With the large amount of dollars networks invest in college sports nowadays, there are without question going to be consequences with media rights and league alignment.
Last week, many were flabbergasted with the decision by the Big 12 to move forward with an invitation to Texas Christian University, ahead of long thought to be the favorite Brigham Young University.
BYU administrators felt broadsided by the move, but for the record did not turn down a Big 12 invitation, merely filing an application at the urging of the Big 12 directors to join the league during the final week of September.
One of the longstanding rules that have been associated over the years with BYU has been its policy prohibiting participation in Sunday athletic events.
In 1959, BYU shocked the NCAA by declining an invitation to the College Baseball World Series in Omaha. As a result, the NCAA moved to prohibit Sunday championship events in the future. As much as anything, this is why the NCAA basketball tournament finale is played as a Monday night event.
As more stories come to light on what happened last week with BYU, Salt Lake Tribune Sports writer Jay Drew and Tulsa World Sports writer Dave Sittler have made it known that LDS Church rules first and foremost made the Big 12 media partners balk at the idea of inviting BYU.
While ESPN has long known and dealt accordingly with BYU, FOX TV Sports presents some additional issues since, more recently, they signed a substantial billion-dollar second-tier cable TV rights deal with the Big 12.
Will the strict "no Sunday play" policy of BYU make media partners of any league continue to block its entry in the future?
While the Big 12 directors have been for the most part VERY supportive of BYU in its strict “no Sunday play” rule, ultimately the media deal negotiated by former commissioner Dan Beebe that was thought to stabilize the league last spring proved costly to its first-choice expansion candidate.
How will this bode in the future for BYU potentially getting into the league? This remains to be seen, but nonetheless makes BYU fans even more defiant about their religious values and beliefs.
Particularly with a forthcoming U.S. presidential campaign with two Latter-day Saint candidates being questioned about their religious beliefs by diehard Evangelical Protestant Ministers.
According to Big 12 interim commissioner Chuck Neinas, the league will move forward as a 10-institution league for the 2012-13 academic year, yet many speculate there will be a movement back to 12 as the league nears the point where it will have to renegotiate first-tier rights.
Could BYU be part of such a not too distant future move by the Big 12? I certainly wouldn’t rule it out.
While BYU is going to have to realize joining the Big 12 won’t be relegating itself to the lack of exposure it suffered year after year in the MWC under the thumb of the Comcast Cable TV Cartel, the Sunday Play issue is something that can be worked through—particularly in a larger league.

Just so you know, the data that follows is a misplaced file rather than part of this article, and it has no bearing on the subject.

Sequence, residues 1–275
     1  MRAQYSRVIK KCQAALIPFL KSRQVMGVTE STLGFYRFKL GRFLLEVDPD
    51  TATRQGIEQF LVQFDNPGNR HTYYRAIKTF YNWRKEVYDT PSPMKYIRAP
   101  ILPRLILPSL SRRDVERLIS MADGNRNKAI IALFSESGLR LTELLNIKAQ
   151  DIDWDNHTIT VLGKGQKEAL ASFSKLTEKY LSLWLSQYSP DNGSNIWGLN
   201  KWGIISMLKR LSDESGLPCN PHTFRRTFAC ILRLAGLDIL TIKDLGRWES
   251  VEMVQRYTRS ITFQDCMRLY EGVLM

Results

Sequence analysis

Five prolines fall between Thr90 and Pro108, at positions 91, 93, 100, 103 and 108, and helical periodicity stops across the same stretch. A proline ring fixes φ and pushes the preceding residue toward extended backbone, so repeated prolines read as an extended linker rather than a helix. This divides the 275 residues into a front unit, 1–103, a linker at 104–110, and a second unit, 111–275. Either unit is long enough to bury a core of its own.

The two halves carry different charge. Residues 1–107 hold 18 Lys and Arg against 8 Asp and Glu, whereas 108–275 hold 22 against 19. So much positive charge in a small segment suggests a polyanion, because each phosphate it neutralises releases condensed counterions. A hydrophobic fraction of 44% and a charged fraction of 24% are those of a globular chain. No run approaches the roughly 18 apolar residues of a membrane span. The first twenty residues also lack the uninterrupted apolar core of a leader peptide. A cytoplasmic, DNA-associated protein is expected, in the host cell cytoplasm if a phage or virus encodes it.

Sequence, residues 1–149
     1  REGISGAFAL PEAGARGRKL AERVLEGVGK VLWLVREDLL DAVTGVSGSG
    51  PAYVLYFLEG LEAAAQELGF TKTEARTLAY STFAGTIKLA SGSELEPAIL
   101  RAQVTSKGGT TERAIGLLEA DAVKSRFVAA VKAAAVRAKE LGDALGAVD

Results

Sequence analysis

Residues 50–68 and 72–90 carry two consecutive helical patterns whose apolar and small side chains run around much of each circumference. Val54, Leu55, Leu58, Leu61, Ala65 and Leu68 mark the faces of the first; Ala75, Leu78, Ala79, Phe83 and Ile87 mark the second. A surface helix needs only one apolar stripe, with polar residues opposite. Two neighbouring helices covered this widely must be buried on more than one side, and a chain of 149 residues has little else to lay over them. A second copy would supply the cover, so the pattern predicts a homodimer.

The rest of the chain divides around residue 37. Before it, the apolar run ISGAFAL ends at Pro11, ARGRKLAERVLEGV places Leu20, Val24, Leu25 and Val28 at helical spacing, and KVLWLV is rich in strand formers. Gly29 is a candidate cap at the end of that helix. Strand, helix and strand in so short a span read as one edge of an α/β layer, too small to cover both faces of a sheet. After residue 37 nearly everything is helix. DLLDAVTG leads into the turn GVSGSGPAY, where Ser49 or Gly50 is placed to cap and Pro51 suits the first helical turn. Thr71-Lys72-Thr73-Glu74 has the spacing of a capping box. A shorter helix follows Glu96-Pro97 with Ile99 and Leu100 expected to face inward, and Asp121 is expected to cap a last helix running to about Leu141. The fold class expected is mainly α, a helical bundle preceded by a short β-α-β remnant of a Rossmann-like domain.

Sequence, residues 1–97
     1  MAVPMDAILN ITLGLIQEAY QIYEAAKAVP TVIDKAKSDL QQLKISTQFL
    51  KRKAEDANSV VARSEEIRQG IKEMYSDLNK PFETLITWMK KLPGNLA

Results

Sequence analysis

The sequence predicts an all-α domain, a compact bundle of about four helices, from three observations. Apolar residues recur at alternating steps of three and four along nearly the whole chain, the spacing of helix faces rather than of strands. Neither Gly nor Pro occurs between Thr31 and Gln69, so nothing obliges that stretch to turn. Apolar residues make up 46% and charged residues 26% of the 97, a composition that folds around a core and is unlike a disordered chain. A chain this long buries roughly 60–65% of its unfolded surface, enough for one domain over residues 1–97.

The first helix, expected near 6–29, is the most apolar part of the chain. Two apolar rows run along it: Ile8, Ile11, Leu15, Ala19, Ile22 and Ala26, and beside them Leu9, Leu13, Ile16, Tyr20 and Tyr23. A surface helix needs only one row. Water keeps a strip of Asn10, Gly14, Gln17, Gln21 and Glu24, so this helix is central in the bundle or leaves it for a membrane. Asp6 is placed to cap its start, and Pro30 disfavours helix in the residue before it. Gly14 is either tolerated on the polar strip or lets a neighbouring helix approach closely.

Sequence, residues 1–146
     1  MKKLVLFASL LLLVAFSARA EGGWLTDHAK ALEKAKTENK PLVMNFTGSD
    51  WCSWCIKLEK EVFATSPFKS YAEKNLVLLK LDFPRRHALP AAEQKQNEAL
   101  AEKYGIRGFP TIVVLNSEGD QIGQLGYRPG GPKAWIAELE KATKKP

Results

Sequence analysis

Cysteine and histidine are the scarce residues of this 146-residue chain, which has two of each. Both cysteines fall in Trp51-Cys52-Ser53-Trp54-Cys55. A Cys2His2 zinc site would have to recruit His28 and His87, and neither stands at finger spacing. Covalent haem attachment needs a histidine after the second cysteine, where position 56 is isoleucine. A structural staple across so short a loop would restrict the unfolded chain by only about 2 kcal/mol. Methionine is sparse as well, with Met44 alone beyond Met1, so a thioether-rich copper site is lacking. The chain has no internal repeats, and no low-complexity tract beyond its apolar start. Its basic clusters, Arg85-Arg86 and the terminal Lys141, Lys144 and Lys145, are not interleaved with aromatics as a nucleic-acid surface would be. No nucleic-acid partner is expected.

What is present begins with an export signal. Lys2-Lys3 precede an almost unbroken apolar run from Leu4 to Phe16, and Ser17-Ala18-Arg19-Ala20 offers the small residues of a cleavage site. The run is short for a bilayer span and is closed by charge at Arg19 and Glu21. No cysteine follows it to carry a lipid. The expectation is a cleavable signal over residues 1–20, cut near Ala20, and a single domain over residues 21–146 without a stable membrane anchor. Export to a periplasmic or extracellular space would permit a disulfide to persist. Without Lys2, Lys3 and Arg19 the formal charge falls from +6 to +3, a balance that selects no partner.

For the time being, BYU can afford to spend one more academic year as an independent, but football fans in particular will sadly have to endure another year of lackluster WAC opponents during October and November.
Likewise, athletic director Tom Holmoe will have to again continue to schedule by contingency with Bronco Mendenhall and put together opponents with contracts he can easily reschedule or have a minimal dollar escape clause to cancel as he has done.
In all fairness, BYU fans should not be critical of Tom Holmoe or President Cecil Samuelson in any way since this entire process came down at least one to two years ahead of when they both anticipated it coming.
They will embrace the present “refugee” deal with the West Coast Conference for the time being, but continue to look out for what is best for BYU.
The Big 12 has emerged from this latest round of instability clearly in better shape despite losing a third school and has the stability any suitor institution will want, and will have the expansion rumor around its neck like a millstone with only 10 schools.
BYU fans should similarly not embrace independence as a long-term goal of the athletic mission of BYU, unless the Big 12 does something totally unbelievable such as inviting institutions like SMU, Houston or San Diego State that are stalking it more than Missouri stalks anyone who will rescue it from the Big 12.
For the time being, there will without question be ongoing dialogue between BYU administrators with the Big 12 for a possible 2013-14 academic year entry for BYU and fans must be patient.
As the Big 12 moves closer to renegotiating first-tier rights, media partners will have less veto power over the league directors whom they want.
BYU remains in play for BCS league expansion, and BYU and the Big 12 is a partnership that can still happen. Under the right circumstances, it isn't as impossible as many would like to think.